Even though changes in your partner, or even the ones within you, can endanger your relationship’s future, numerous couples made things work despite the friction points they had with their significant other. For example, I’ve heard and read about several couples who kept their relationship intact and even thriving despite trials like subscribing to opposing religions and worldviews, long-distance or mental and emotional illnesses. But there’s one more insight that I came to while reading the stories from successful couples; change in relationships is inevitable.

Now, sometimes both people grow in the same direction, and other times they do not. If that happens, they either make it work or don’t. It’s that simple. That is the reality of relationships. And while you can ignore it, you can’t ignore its consequences.

4. Relationships bring perpetual mood swings

Let me tell you a funny story from years ago.

One dull morning, I opened my eyes. Like I always do. I stretched at a snail pace in my comfy bed, as usual, then turned to my side so that I was facing my girlfriend and thought:

I want to fuck that tan brunette that I saw in the supermarket a few days ago.

My afterthought was something along the lines of “What the fuck?”

I bet some of you, men or women, have thoughts like that too. If not, you’ll get there.

Interestingly, the next day I woke up, I wanted nothing to do with the random brunette I’ve witnessed. But then, weeks later, I was back to square one, thinking about being with another woman I saw on TV.

At first, I was confused by my fluctuation, as most people would be, but I’ve realized it’s normal to feel this way as time passed; It’s normal for the feelings you have around your relationship to swirl and shift over time:

Some days, when conversing with your partner, anger, frustration, and impatience will be beaming out of every inch of your body for no other reason than your lousy mood. In contrast, on other days, you will radiate love, patience, and appreciation, no matter what topic – touchy or casual – you’re discussing with your partner, for no apparent reason.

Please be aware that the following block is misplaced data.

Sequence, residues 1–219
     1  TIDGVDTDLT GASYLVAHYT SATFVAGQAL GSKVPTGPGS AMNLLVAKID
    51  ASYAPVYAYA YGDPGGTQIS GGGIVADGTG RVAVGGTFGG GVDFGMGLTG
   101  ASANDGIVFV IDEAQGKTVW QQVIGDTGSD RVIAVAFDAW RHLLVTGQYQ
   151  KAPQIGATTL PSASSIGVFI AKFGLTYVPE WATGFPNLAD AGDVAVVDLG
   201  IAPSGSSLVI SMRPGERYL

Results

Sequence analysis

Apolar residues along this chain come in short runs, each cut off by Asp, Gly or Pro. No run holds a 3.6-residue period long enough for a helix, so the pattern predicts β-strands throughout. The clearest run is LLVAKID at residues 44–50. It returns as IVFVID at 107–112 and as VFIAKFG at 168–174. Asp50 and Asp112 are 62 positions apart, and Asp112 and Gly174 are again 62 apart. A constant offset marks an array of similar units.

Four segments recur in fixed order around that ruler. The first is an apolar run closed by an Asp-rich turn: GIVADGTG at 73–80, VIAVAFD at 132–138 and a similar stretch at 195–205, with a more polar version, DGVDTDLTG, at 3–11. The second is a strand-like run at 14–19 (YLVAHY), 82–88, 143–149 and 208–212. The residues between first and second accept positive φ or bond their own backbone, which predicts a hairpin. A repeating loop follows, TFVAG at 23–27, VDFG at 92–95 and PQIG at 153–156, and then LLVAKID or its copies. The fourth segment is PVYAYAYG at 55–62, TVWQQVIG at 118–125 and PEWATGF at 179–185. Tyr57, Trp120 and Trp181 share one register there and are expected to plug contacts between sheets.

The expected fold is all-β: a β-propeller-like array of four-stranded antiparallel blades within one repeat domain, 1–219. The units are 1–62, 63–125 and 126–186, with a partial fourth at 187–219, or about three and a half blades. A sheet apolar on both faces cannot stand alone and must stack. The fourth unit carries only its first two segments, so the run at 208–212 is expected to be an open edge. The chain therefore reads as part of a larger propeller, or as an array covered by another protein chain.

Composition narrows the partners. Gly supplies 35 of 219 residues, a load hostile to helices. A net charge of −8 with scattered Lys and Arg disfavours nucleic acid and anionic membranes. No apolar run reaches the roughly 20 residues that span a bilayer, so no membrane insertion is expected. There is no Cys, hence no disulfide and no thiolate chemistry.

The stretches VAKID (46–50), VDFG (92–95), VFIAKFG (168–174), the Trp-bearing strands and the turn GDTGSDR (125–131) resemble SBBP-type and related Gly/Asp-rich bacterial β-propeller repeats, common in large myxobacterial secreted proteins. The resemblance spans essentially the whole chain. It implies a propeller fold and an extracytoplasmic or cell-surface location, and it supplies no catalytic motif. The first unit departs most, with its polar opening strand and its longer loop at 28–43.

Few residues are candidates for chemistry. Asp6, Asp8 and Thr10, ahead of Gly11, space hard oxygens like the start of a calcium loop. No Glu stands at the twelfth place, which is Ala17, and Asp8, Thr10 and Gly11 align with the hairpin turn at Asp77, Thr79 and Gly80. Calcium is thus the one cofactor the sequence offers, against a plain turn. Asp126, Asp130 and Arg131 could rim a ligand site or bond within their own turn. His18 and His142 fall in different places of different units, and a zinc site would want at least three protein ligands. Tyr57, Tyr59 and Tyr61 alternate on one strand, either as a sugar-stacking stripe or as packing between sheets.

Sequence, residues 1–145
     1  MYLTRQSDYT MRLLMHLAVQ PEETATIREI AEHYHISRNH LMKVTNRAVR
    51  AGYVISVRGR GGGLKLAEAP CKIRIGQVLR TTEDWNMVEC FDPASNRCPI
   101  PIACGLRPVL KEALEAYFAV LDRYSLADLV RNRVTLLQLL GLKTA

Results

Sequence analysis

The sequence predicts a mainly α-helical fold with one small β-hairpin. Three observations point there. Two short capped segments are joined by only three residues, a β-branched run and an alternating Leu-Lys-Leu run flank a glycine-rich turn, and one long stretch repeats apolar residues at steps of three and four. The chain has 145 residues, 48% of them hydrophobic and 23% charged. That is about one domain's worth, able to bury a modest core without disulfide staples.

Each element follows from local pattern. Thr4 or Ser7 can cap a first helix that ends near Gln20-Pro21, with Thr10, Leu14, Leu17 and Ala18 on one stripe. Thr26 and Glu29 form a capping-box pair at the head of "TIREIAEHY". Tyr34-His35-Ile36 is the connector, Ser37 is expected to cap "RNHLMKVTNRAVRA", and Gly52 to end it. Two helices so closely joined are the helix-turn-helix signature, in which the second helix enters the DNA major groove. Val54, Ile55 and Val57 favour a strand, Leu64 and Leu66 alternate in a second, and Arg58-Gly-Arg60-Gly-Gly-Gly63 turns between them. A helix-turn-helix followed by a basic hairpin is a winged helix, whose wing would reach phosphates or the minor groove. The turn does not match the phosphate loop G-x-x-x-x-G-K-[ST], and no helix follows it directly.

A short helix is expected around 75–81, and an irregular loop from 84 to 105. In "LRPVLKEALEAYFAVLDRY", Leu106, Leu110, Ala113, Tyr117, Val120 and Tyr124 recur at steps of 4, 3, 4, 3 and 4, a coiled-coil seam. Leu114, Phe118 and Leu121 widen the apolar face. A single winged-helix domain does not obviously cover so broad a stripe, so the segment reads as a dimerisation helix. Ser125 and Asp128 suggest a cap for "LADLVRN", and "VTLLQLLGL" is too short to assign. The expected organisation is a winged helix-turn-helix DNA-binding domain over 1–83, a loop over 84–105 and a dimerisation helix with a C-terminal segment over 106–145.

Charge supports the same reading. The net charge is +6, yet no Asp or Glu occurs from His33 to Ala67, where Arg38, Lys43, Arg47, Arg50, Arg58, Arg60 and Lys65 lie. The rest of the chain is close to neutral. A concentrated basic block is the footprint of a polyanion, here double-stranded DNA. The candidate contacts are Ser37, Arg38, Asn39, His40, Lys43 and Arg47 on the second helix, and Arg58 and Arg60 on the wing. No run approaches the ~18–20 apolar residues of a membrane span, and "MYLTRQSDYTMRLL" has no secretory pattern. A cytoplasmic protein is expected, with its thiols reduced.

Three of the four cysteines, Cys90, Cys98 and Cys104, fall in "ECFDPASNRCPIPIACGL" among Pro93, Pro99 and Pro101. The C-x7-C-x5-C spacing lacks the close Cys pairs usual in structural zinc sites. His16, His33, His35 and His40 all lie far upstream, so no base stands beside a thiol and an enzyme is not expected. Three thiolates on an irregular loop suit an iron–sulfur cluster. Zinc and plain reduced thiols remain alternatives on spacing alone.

Some days you’re going to wish to break up with your current partner, but other days, you’re going to be confident that they are the person for you, without a shadow of a doubt.

Some days insecurities will begin festering and sticking to the walls around your mind and heart. Thus, you’ll start floating fear, while humps of needy tendencies will keep attaching to your stripped body. And then, out of the blue, a couple of days later, all these insecurities will no longer bother you. In fact, they will morph into the complete opposite – confidence.

When you’re past the honeymoon period in your relationship, even your sex life begins to fluctuate. On some days, you’re going to be horny, and on the others, you’re going to be drier than a Sahara desert.

If we presuppose you’re in a fulfilling relationship, a potential cause of these mild fluctuations may simply be a lack of space between you and your partner.

It’s a mundane answer, I know. But funnily enough, swallowing your partners’ presence for too long is the most common culprit behind reduced attraction, even in the most successful long-term relationships.

For example, let’s pretend you went to a week long retreat for your 5th relationship anniversary with your partner. But just as you checked-in and snuggled up in your lavish hotel, a thunderstorm began rumbling outside. Therefore, the two of you had to stay indoors for the next few days.

Yes, in that tiny, tiny square hotel room.

Now by the end of your trip, you probably got slightly bored of each other because you spent so much time trapped together in a tiny space. This boredom further lowers mutual attraction.

It’s that simple. And it’s a common and healthy phenomenon in every long term relationship. It just happens. And after you get some space away from each-other the attraction regenerates and all is back to normal.

Cue the celebration music.

Picture these sways in attraction, mood, and emotion as tidal waves, and think of yourself as a surfer who’s riding them. Your objective is to ride them well.

In other words, you need to become proficient at accepting that any long term relationship, even the relationship with yourself, is going to shift between unpleasant, confusing, and irritating and loving, affectionate and pleasant.

HOW TO MAKE your RELATIONSHIP LAST – the ultimate answer

Ultimately, accept that you and your partner are littered with flaws that are a pain to deal with sometimes. But here’s the catch.

If you can’t imagine a life without your lover, if you’re compatible, and if you’re both in a relationship for all the right – healthy – reasons, then all the struggles in it are probably not going to break your bond. In fact, they might all be worth it. But that’s something only you can answer.